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#10 Could be True

2018LSATReppin
LSAT Novice
 
Posts: 1
Joined: Thu Jul 12, 2018 9:59 pm
Points: 1

Hi Dave,

I'm reviewing this test, and I'm struggling to understand why answer choice E isn't correct for this question.

I would really appreciate it if you could walk me through how to figure this out.

Thanks!
Jennifer Janowsky
PowerScore Staff
PowerScore Staff
 
Posts: 78
Joined: Sun Aug 20, 2017 11:58 pm
Points: 78

Hi! This game is a little tricky, but let's see if we can walk through the setup first.

Basically, there are 6 messages, in order. Here's the spots and the distributions for that:

FGHLPT(6)

__.__.__.__.__.__
1 2 3 4 5 6

Up to three of those have been made by one person, making 3 possible distributions: 3-1-1-1, 2-1-1-1-1, 1-1-1-1-1-1. This means that at least 4 people must have left messages.

When you string all of the rules together from the problem, you get something like this:

G --> F --> P-T
P --> H-L

The two strands can be connected at P to make a powerful super-strand, which can be followed backwards for its contrapositive. This is where you get an interesting inference--if P is not included, you cannot have G, T or F. That is too many people to eliminate (there must be at least 4). Therefore, P must be included, AND T, H, and L must follow from P.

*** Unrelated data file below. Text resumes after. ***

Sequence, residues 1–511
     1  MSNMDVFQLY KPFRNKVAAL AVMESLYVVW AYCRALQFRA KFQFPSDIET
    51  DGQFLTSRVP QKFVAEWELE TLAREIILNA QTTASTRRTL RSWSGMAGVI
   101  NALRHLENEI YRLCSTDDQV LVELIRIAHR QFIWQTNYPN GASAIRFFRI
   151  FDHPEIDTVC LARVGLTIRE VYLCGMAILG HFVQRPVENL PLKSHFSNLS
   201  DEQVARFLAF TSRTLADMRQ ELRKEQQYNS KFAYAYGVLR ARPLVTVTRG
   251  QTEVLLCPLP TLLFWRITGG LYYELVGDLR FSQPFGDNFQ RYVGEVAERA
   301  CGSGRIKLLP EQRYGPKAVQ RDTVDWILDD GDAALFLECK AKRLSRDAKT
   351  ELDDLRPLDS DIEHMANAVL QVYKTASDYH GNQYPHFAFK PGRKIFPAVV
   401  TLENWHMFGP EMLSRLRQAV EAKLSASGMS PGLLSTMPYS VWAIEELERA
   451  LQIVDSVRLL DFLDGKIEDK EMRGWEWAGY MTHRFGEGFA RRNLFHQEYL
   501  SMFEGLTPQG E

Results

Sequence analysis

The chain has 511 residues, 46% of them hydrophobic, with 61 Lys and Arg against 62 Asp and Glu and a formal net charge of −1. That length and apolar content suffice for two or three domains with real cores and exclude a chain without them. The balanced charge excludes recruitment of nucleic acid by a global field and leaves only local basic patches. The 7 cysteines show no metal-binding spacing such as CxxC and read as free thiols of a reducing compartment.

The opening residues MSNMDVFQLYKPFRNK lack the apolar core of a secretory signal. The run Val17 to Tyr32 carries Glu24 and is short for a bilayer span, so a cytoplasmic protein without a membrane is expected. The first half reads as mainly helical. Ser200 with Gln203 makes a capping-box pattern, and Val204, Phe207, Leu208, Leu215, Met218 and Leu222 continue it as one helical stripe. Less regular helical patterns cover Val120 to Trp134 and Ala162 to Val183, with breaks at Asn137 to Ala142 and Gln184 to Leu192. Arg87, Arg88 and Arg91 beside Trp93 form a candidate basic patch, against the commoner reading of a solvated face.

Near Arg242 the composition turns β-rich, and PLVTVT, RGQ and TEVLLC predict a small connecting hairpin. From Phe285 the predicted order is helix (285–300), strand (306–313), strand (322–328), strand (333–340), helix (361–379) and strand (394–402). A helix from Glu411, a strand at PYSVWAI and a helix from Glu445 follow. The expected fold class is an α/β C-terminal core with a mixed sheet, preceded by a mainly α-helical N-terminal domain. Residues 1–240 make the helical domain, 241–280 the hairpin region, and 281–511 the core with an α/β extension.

For question 10, we are given a situation in which P must be 5th and asked what must be true.

Looking at the rules, if P then T, H, and L. T must be after P, so we already have 2 placed:

__.__.__.__ P T
1 2 3 4 5 6

H must be before L, so H would have to be in spaces 1, 2 or 3. But if H is in 1, then P must be in 6, which is already occupied by T. Therefore, H must be in 2 or 3, followed by L in either 3 or 4.

__ H/ H/L L/ P T
1 2 3 4 5 6

Looking at the answer choices, the only one that could be true is that Liam left exactly two messages--one could be on both 3 and 4. Answer (E), that Fleure left the third and fourth messages, is not possible because one of those must be L.

I hope that clears everything up for you! :-D